Grab your mug and fill it up. Just in time for the chilly mornings coming our way, a new study of more than 40,000 healthy Germans confirms, yet again, that drinking coffee has health benefits. In this study, those who drank at least three cups a day of regular or decaffeinated coffee were about 25 percent less likely to develop diabetes over the next nine years as people who drank little or no coffee. Hallelujah! A cup, or three, of coffee each day is one health habit I can wholeheartedly endorse. While coffee has already been found to offer some protection from Parkinson’s disease and gallstones, most of us aren’t drinking it because it’s so healthy. We simply need it to rev up our sleepy selves for the day ahead.

But there’s a limit to what coffee can accomplish. Lately it seems more and more otherwise healthy women — often juggling a career and kids — have been telling me how utterly tired they are. In our special section this issue, Dawn Picken takes an in-depth look into what may be causing all that fatigue — and finds ways to energize your life.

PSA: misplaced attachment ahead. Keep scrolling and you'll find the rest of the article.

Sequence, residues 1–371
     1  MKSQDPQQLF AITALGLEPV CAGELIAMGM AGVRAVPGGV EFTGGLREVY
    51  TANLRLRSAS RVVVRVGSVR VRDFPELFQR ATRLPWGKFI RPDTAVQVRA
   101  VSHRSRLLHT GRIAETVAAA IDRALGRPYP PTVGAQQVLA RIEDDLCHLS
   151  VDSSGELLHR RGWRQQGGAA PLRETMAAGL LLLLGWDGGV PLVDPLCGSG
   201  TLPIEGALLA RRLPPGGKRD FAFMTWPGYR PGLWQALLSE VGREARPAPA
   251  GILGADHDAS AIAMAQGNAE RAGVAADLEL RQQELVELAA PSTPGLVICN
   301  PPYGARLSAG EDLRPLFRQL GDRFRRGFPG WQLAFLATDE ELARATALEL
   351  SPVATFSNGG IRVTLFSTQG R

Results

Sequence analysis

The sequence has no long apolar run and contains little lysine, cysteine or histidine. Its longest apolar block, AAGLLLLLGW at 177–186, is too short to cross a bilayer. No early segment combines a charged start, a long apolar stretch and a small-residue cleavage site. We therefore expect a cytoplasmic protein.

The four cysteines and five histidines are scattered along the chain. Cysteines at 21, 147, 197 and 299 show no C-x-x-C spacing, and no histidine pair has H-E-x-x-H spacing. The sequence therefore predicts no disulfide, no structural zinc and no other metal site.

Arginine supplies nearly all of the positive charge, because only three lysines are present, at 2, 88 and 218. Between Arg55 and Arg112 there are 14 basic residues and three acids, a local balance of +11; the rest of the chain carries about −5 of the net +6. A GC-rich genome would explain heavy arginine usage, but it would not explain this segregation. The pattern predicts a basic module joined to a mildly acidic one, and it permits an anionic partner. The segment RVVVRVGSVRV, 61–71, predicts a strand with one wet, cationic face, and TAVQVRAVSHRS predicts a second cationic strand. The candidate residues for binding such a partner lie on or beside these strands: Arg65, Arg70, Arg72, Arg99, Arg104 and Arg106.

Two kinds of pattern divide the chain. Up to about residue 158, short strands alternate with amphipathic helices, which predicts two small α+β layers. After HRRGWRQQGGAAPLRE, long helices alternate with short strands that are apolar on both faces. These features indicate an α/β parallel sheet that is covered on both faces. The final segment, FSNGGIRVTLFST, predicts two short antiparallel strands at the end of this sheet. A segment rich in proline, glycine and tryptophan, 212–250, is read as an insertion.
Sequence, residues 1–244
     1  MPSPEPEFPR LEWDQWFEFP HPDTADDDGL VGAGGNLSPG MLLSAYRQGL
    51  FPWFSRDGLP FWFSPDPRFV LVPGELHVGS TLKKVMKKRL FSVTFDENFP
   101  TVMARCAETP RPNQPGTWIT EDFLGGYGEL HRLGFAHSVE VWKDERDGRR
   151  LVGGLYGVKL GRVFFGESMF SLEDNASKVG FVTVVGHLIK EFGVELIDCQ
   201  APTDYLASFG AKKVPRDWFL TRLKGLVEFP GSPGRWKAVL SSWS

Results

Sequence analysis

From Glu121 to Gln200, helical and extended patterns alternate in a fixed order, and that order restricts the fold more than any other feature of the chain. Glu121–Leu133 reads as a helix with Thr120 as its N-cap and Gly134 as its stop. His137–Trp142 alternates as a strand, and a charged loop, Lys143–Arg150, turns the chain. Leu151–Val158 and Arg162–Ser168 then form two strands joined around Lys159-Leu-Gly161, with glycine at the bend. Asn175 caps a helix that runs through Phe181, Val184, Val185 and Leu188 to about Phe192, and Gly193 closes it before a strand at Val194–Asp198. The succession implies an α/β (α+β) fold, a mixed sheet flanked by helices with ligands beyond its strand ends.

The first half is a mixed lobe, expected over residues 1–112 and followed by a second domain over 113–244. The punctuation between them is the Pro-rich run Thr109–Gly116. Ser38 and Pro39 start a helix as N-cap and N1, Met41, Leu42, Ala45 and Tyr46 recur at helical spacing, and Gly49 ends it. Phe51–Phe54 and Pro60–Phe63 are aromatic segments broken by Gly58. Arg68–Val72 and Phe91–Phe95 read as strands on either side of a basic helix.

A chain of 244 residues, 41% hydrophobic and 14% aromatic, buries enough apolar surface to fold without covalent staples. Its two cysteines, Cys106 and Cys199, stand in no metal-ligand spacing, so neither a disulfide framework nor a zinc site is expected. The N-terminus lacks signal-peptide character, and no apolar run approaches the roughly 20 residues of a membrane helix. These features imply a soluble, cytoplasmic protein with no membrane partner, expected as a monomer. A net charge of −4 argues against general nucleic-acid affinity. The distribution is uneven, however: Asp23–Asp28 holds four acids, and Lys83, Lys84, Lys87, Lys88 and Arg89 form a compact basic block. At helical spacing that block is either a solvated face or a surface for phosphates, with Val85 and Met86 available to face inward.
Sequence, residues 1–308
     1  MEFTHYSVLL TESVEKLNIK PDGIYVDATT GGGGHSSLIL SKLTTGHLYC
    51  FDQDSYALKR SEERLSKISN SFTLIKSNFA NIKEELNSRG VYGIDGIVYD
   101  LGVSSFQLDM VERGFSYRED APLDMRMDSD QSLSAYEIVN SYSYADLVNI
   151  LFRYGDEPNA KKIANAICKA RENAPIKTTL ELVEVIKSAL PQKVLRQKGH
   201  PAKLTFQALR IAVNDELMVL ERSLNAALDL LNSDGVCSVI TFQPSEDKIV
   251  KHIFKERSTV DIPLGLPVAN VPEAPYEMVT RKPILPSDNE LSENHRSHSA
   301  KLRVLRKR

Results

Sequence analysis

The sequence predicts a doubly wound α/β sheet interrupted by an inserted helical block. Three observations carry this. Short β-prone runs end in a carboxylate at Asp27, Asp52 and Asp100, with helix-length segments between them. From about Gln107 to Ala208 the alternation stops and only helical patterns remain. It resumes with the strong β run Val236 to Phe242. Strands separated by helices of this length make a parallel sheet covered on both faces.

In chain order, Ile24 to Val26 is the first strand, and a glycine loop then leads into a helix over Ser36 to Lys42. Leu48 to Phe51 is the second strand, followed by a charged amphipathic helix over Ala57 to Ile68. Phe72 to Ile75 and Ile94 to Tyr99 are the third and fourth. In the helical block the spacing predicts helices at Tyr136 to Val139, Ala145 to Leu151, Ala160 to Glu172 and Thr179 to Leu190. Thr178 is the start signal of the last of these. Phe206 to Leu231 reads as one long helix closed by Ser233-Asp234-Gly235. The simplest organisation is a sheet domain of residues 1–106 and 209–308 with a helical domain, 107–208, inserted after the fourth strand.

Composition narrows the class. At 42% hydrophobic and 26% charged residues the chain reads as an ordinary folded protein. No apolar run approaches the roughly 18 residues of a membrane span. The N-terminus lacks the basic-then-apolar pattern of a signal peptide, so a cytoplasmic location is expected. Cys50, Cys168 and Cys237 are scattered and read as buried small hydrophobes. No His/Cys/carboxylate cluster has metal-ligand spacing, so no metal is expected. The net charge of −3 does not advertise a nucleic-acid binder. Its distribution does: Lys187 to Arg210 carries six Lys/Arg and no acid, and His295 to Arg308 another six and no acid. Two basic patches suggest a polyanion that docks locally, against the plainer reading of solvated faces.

One place where coffee is indispensable is on the worksite, where America’s construction workers build new buildings and renovate old ones. These (mostly) guys need to be alert, as it can be dangerous work. On-the-job injuries and deaths are down in Washington state over the past decade, and Joe O’Sullivan has a report on a new program we can thank. No, it’s not free coffee; it’s an innovative new workplace safety program happening right here.

Still, you better have another cup of coffee — just to be safe.

To your health!

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About The Author

Anne McGregor

Anne McGregor is a contributor to the Inlander and the editor of InHealth. She is married to Inlander editor/publisher Ted S. McGregor, Jr.